In Iran culture dictates driving habits, not necessarily the engineering and design. Drivers are generally aware of their surroundings and there are rarely collisions regardless of the lack of roadway infrastructure. In urban areas, speeds are lower. Due to the old fabric and layout of the cities and the increased utilization of cars, the transportation infrastructure is unprepared for the demand. As a result, traffic congestion and parking are increasingly more problematic.
So how did you initially become interested in engineering?
In high school, I was a math major. Based on my skillset, I was encouraged to become an engineer and entered into that program.
How long exactly have you been working at LADOT?
I started at LADOT in September, 1986. I have worked in many different groups within LADOT since joining the department. I spent some time in the Western District, then Geometric Design, Signal Design, Signal Timing, Interagency Coordination, Project Development, and finally Bikeways. Although my time in Bikeways has been interesting to say the least, my fondest memories are from the time when I worked in the Geometric Design and Signal Timing groups.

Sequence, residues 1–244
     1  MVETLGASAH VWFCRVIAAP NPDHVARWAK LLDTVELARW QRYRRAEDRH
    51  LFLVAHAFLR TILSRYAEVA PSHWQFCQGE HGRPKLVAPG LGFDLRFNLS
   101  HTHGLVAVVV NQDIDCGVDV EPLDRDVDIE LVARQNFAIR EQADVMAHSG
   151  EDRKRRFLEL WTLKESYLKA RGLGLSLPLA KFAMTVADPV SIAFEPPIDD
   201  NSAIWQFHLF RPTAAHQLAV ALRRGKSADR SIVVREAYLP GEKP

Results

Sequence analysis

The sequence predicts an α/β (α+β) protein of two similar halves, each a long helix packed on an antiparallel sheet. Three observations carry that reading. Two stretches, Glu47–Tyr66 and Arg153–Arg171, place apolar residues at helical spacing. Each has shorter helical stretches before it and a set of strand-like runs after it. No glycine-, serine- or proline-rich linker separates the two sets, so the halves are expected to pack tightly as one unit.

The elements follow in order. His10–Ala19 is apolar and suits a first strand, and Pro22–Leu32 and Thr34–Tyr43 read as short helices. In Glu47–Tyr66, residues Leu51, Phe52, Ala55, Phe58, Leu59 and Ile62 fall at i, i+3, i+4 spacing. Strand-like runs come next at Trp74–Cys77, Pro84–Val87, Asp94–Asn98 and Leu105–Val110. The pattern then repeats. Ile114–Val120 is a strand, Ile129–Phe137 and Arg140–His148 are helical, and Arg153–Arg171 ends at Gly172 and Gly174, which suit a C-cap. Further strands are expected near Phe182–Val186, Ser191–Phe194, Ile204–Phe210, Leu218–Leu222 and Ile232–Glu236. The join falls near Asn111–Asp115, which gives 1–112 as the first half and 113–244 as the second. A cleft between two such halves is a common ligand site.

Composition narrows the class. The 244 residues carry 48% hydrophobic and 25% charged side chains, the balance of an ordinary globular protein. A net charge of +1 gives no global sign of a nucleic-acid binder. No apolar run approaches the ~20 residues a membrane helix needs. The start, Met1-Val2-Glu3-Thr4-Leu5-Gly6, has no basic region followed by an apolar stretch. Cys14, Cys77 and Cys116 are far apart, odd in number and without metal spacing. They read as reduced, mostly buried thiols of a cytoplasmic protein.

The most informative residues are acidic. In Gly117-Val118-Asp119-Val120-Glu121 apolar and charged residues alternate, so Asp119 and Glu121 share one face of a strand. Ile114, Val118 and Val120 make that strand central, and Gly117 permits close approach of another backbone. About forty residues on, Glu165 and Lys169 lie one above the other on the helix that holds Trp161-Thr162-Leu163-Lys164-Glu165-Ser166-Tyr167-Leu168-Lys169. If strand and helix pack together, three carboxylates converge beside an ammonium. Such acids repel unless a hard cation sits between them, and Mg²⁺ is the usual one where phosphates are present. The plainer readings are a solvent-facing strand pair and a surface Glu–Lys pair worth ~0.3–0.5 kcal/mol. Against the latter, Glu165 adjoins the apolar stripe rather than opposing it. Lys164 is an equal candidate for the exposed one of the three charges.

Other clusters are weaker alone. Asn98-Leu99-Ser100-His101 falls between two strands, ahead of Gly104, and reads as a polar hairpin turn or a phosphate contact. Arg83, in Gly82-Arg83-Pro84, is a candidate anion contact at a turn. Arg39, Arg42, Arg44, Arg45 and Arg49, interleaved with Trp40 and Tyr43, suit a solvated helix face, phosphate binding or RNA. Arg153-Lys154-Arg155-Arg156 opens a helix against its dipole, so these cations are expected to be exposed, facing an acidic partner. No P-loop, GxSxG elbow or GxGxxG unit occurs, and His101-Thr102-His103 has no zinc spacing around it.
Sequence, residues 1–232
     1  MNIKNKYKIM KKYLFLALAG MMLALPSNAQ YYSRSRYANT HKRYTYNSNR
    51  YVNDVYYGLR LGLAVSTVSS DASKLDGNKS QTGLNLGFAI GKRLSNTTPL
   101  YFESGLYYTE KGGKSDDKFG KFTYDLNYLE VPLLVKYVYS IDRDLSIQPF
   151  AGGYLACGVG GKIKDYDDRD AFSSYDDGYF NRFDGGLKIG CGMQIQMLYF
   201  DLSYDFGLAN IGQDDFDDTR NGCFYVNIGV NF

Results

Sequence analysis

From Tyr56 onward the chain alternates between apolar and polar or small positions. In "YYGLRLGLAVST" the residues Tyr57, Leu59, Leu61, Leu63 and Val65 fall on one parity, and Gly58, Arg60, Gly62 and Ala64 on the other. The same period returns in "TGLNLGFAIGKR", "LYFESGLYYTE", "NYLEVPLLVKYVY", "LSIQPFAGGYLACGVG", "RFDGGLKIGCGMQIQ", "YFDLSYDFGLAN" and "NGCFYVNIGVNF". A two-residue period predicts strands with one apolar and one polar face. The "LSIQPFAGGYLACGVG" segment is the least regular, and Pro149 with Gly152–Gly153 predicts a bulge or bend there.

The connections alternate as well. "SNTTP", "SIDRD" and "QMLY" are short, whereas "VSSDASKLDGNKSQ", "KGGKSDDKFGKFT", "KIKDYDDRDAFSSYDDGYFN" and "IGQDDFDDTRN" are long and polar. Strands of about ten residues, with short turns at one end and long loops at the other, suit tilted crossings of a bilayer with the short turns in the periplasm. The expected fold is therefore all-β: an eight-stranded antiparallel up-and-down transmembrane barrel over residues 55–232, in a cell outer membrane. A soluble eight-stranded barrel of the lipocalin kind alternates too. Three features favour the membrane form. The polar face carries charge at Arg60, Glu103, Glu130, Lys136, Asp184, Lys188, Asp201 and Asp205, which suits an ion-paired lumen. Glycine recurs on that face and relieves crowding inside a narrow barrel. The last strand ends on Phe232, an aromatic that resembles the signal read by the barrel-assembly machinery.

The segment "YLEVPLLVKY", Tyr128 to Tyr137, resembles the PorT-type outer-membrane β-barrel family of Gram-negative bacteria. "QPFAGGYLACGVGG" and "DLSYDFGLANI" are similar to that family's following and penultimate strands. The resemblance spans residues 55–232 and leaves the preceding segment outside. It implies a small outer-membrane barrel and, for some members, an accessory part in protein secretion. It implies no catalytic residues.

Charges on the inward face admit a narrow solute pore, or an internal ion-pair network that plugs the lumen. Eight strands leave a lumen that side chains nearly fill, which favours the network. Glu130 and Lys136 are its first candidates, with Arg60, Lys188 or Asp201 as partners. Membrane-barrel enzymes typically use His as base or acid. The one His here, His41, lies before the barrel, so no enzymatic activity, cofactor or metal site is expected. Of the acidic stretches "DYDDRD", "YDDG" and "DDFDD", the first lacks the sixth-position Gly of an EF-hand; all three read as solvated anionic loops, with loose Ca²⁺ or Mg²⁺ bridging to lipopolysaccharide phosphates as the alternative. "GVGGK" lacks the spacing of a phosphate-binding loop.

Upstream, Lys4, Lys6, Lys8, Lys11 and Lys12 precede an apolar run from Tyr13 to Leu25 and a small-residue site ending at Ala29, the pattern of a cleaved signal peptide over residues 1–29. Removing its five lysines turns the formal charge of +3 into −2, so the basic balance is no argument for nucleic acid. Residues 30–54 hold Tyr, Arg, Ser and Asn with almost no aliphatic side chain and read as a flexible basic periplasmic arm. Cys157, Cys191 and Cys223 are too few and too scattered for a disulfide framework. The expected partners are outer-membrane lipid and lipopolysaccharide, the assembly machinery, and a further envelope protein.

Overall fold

What were you doing before you joined LADOT?
Before joining LADOT, I worked at Caltrans for about 3 years. The training I received there with the mandatory rotations between the different disciplines prepared me for my various positions within LADOT.
How has transportation changed in Los Angeles since you first moved here in 1979?
Los Angeles was a traffic nightmare in the first few years when I lived here. We had a reputation as the smog capital for a reason. The development of ATSAC drastically altered the Department’s ability to move cars and reduce congestion. The system revolutionized Los Angeles. Today we are not stuck in the same place that we were back in the 80s and 90s, when we were famous for our traffic.
And aside from transportation, how has Downtown LA changed since the 80s?